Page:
Corral Bluffs Open Space is a Trails, Open Space and Parks “TOPS” property located east of Colorado Springs consisting of over 700 acres. It is a rare, rugged, and beautiful landform running along both the north and south sides of US Highway 94. At a slightly higher elevation than the surrounding plains, Corral Bluffs provides a unique geographic perspective, featuring a foothills type environment even though it is about 15 miles from the Rocky Mountain foothills.
This amazing fossiliferous site holds the secrets to how the globe recovered from a major catastrophe, the die-off of the dinosaurs and the first million years of mammals. With expansive vistas, a multitude of wildlife, native flora, and geology like no other in Colorado - it’s worth a visit!
However, because it is undeveloped and subject to important scientific research, it’s only available via guided tours. Our friends group the Corral Bluffs Alliance “CoBA” offers these tours on a scheduled basis. Gather 6+ hikers and plan for a 3+ hour trip back in time through very unusual terrain. Whether you are part of a church group, scout troop, family reunion, or a school classroom, CoBA customizes hikes to meet your needs. Contact CoBA to schedule a visit today. Hikes are available every month of the year; moonlight/full-moon hikes are only available in winter months.
CoBA is an alliance of concerned citizens formed with the focus of protecting the Corral Bluffs area and the adjacent Jimmy Camp Creek. CoBA was founded after a long fought battle with El Paso County to keep Corral Bluffs from becoming a dirt bike park. CoBA’s efforts resulted in the preservation of Corral Bluffs by it becoming a designated TOPS property. CoBA works with the City of Colorado Springs through its Parks, Recreation and Cultural Services Department to secure additional land and seeks to have this historically rich area available for future generations. CoBA members’ participate in activities designed to protect, preserve and enhance the Jimmy Camp Regional Park and this Open Space property.
“This area is regionally significant because its extensive natural outcrops are the best exposures of Late Cretaceous and Early Paleocene strata in the Denver Basin. It likely represents one of the top 20 sites in the world for the preservation of the first 1 million years of the age of mammals”.
by Dr. Kirk Johnson, Ph. D, when Chief Curator at the Denver Museum of Nature & Science
Also, the Corral Bluffs has been designated by the State of Colorado as a Colorado Natural Area. Established by statute in 1977, the Colorado Natural Areas Program is a statewide program focused on the recognition and protection of areas that contain at least one unique or high-quality natural feature of statewide significance. The Natural Areas Program was unanimously reauthorized by the Colorado Legislature in 2004, and the Natural Areas Council was reauthorized in 2014.
A few examples of how this designation helps Corral Bluffs is by
- recognizing and promoting outstanding environmental stewardship,
- enhancing awareness of the conservation values of this area to decision makers and users, and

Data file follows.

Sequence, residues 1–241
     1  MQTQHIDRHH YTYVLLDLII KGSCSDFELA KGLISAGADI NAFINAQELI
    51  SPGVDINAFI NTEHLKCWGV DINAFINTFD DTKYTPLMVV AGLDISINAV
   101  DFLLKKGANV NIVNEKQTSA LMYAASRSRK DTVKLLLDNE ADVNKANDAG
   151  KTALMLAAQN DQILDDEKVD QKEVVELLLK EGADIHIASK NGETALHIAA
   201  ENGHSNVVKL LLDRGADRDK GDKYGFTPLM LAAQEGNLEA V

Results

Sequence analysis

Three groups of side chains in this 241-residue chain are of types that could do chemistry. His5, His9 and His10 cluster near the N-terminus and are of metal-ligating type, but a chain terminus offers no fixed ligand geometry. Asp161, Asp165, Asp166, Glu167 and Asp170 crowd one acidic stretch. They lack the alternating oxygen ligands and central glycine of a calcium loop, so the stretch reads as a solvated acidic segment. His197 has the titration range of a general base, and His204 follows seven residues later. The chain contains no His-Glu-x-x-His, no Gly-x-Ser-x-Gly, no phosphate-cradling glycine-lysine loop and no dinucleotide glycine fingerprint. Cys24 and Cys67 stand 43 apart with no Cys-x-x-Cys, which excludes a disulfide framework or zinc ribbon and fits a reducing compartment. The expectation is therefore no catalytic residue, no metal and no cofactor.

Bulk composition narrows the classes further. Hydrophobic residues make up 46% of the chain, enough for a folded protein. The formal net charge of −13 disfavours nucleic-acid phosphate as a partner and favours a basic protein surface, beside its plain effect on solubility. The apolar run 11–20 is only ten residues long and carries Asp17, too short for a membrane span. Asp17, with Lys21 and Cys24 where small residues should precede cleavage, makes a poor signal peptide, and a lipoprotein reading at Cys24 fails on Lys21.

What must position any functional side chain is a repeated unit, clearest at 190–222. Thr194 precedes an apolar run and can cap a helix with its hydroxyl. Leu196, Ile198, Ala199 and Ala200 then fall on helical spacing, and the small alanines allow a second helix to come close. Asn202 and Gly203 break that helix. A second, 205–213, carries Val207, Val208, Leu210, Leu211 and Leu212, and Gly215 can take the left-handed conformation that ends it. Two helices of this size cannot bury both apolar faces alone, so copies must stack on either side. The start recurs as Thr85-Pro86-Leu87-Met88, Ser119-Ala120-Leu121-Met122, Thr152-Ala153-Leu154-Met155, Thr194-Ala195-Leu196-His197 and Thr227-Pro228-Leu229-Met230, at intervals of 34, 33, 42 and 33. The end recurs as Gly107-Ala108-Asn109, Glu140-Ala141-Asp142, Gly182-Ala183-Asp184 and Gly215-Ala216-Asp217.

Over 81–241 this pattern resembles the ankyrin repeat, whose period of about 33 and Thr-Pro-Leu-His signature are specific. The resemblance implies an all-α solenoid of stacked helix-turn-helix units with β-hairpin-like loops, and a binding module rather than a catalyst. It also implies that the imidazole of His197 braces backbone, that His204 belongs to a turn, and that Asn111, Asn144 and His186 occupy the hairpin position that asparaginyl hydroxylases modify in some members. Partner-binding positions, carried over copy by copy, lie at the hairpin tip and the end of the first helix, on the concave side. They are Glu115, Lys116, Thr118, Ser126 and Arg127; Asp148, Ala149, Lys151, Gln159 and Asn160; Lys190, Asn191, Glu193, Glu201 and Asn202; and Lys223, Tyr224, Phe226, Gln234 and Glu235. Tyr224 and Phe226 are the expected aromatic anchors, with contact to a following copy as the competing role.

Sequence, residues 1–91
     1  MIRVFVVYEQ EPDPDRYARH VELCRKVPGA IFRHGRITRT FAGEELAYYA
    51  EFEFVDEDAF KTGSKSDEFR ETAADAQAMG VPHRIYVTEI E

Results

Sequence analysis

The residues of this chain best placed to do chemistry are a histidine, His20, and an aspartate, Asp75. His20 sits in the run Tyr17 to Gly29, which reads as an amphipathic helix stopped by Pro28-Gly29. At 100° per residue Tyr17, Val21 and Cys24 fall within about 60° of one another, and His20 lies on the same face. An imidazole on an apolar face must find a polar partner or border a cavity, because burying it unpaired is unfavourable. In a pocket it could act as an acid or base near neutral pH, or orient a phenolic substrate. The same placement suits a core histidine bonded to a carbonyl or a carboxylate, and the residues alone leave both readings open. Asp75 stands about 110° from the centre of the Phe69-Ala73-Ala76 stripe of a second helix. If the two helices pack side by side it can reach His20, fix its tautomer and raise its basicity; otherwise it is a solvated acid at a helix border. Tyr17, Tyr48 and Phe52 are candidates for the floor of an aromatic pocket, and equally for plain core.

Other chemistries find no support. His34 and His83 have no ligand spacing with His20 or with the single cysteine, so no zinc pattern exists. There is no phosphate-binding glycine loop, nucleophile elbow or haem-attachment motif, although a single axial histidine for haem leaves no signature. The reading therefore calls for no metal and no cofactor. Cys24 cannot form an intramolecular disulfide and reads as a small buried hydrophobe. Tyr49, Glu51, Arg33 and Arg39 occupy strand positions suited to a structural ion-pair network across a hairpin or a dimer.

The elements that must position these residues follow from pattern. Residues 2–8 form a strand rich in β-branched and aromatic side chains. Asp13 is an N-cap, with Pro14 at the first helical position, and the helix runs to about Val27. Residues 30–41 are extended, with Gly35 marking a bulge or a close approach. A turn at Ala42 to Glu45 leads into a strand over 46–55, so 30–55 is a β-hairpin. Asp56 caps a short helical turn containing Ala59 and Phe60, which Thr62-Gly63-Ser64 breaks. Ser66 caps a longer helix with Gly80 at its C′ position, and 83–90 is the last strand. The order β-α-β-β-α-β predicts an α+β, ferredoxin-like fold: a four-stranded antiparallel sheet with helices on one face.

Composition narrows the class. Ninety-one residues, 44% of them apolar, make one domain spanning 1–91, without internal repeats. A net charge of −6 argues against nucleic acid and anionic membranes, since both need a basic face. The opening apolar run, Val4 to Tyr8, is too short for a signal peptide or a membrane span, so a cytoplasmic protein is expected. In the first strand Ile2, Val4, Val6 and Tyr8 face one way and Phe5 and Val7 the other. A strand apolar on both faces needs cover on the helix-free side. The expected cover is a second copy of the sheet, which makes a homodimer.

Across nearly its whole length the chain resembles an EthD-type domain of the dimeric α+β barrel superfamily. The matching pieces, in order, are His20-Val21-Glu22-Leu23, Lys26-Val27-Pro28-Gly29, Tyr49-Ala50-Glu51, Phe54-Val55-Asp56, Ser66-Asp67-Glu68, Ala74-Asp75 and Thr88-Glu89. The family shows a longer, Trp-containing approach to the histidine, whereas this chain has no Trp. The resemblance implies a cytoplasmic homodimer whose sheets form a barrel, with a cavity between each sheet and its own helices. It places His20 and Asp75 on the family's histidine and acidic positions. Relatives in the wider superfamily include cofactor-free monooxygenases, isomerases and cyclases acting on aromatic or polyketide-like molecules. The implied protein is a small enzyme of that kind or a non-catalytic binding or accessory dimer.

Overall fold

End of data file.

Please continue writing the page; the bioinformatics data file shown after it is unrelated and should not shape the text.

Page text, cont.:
- supporting extraordinary examples of rare species and their habitat, special geologic features, fossils, and representative ecosystems within Colorado.
To get involved, or to schedule your hike, please contact CoBa at www.corralbluffs.org or:
As a 501c3, contributions to the CoBA are tax-deductible to the extent the law allows.
Follow the Leave No Trace Seven Principles
The City of Colorado Springs Parks, Recreation & Cultural Services department is proudly partnered with the Leave No Trace Center for Outdoor Ethics in order to promote environmental stewardship and safeguard the natural, cultural, and historical resources that make Colorado Springs such a fantastic place to live and visit. Follow the Leave No Trace Seven Principles to help keep our parks, trails, and open spaces healthy and sustainable. Learn more at lnt.org
|Plan ahead and prepare. Access to this open space requires special reservations with CoBA or a park staff member. Bring extra layers and sunscreen for this windy, exposed area. Plan to pack out all of the trash you generate.|
|Travel on durable surfaces. Walk on routes pre-determined by hike leaders. Dry creek beds are a popular choice as they are durable and easy to follow. Avoid unsafe or sensitive areas in the open space such as cliff edges and wildlife nesting locations.|
|Dispose of waste properly. Pack it in, pack it out. Put litter–even crumbs, peels, and cores–in garbage bags and dispose of after your hike. Trash often gets blown in from afar at this windy open space, pack out extra trash for bonus points! There are no facilities at this open space.|
|Leave what you find. Artifacts and fossils left where they are help tell the story of the past. Rearranging them limits their scientific value and the experience of other visitors. It is illegal to dig, remove or collect artifacts or vertebrate fossils without a permit.|
|Be careful with fire. Wildfires don’t have an off season. Fires, charcoal grilling, and smoking are prohibited at Corral Bluffs Open Space. Do your part and help us protect this area from wildfires.|
|Respect wildlife. Watch your step! Corral Bluffs provides an excellent habitat for Prairie Rattlesnakes. Give these animals, and all other wildlife, their space when encountered. Have a “zoom meeting” with wildlife by using the zoom on your camera!|
|Be considerate of others. Corral Bluffs Open Space is a window into the past and has been designated by the State of Colorado as a Colorado Natural Area. Educate others to not dig at sites or collect “souvenirs.” If you see people vandalizing sites or removing artifacts or fossils, report it as soon as possible.|